Bifana is a traditional Portuguese sandwich. It is prepared with papo seco (a Portuguese bread roll) and very thin marinated pork cutlets, on which the cooking juices are drizzled… A simple and delicious snack!
People often eat them after a trip to the farmer’s market at the counter of a tasca (a type of small “restaurant” where you can have a drink and eat a snack on the go). Very similar to Venetian bàcari or a Spanish bodega). Let’s have some fun with this tasty snack, that is not very expensive and is so delicious!
You can find bifana sandwiches all over Portugal but they are never exactly the same because like any iconic recipe, everyone has its own version. In any case, there’s no reason to fight over which one is the original, as the important thing is to savor them!
The basic recipe of bifana could not be simpler, but that’s exactly where its unique taste comes from. The traditional Portuguese marinade is prepared with dry white wine, lemon juice, bay leaves, paprika and garlic. Actually, many meats are marinated in this mixture in Portugal and this marinate definitely gives a taste that is particular to Portuguese recipes.
As for paprika or red pepper (páprica or colorau in Portuguese), it is widely used in Portuguese gastronomy and its taste can vary: smoked, sweet, spicy. Also, the nuances of its taste differ according to the variety of peppers that are used, but also if just the flesh is ground, or the seeds, the skin, etc. It was discovered in the fifteenth century by Spanish explorers, and it is native to South America. In the sixteenth century, it started to be used in European cuisines, especially in Spain and Portugal where it was easy to start growing it. If the plant itself is native to South America, the name would come from the Serbian word paprena meaning “the one that is hot”.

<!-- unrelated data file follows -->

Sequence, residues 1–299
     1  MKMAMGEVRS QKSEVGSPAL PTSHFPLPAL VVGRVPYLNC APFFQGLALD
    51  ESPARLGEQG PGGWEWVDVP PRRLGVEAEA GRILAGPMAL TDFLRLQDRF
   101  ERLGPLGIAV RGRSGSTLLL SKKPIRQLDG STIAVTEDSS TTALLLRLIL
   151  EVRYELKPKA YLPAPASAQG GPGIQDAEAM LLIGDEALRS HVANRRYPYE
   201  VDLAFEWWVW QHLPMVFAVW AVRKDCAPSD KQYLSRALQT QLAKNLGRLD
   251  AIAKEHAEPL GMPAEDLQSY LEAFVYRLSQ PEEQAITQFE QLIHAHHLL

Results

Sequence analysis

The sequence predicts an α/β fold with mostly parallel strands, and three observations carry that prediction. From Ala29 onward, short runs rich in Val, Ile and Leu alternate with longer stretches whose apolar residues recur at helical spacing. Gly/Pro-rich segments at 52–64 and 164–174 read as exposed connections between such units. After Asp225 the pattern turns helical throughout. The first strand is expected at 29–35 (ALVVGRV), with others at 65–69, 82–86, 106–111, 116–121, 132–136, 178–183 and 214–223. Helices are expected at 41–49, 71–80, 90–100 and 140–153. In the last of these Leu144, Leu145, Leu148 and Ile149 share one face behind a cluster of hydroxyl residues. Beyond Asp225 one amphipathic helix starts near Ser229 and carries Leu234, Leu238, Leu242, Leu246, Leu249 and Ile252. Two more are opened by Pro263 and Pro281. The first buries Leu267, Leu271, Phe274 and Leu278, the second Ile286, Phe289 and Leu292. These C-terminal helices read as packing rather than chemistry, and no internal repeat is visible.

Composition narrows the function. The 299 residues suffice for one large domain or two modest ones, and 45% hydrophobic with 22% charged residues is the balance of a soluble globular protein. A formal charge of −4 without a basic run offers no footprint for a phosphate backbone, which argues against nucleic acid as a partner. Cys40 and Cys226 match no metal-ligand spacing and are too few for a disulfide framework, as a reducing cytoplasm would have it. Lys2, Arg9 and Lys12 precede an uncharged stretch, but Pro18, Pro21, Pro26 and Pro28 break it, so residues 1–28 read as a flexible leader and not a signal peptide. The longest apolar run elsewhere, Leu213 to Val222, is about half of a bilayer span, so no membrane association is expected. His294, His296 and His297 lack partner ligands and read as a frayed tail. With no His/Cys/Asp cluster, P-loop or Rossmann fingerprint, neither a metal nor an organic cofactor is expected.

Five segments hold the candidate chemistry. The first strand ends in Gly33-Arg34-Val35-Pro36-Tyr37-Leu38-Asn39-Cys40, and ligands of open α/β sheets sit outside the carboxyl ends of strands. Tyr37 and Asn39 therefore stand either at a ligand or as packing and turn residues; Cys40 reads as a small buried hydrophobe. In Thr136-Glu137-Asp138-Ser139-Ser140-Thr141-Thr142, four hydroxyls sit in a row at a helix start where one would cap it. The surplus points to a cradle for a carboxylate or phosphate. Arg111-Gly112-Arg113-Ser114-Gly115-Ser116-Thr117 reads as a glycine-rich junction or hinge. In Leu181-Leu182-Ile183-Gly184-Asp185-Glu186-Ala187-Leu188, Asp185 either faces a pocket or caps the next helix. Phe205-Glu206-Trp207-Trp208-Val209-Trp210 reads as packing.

Bay leaves are also a very popular condiment of Portuguese cuisine and are widely used in marinades, soups and stews. And of course, garlic is also an iconic ingredient in all Mediterranean cuisines. As for pork, it is a meat that is much appreciated in Portugal, and in fact it is the most consumed. It is also the star of one of the country’s flagship recipes: pork and clams à Alentejana (carne de porco à alentejana) as well as in many specialties of charcuterie. Actually, the black pigs of the Alentejo region, “porco de raça Alentejo”, and Mealhada’s suckling pig meat are very popular. Finally, pork fat (or lard) is also a staple of Portuguese gastronomy. It is used in savory as well as sweet dishes.
This little sandwich is a nice representation of Portuguese taste because of the specificity of the ingredients. Also, the Portuguese seem to have a certain taste for sandwiches. There are quite a few other traditional sandwich recipes available in Portugal, such as prego (with beef, mustard or hot sauce), leitao (with suckling pig meat) and of course, there is also the Francesinha (“little French girl”), typical of Porto. The latter is a feast on its own with linguiça (pork sausage with paprika and garlic), fresh sausage, ham, beef or pork. Cheese is melted on it, and a sauce accompanies the sandwich (tomato, pepper, beer). An egg is often added.
But for now, let’s have fun with this bifana that is ultra tasty. And… don’t you dare adding anything to it. You will see, it is just good as it is!
- 4 sandwich bread rolls (Portuguese papo seco)
- 1½ pork cutlets , sliced very thin
- 5 cloves garlic , chopped
- 2 oz. lard
- ½ cup white wine
- 3 bay leaves
- Juice of a lemon
- 1 teaspoon paprika
- Pepper , freshly ground
In a container, place a layer of cutlets and season with salt, pepper, bay leaf, paprika, lemon juice and garlic.
If necessary, make several layers with all the cutlets, seasoning them the same way at each layer.
Finally, pour the white wine over the cutlets and marinate for 3 hours in the refrigerator.
In a large frying pan, hear the lard over medium heat.
Drain the cutlets and reserve the marinade. Fry them in lard over high heat, turning them constantly.
Once the cutlets are fried, add the reserved marinade and cook over medium heat until the liquid has evaporated by half.
Toast the bread loaves.
Fill each bread with cutlets and drizzle with the remaining sauce.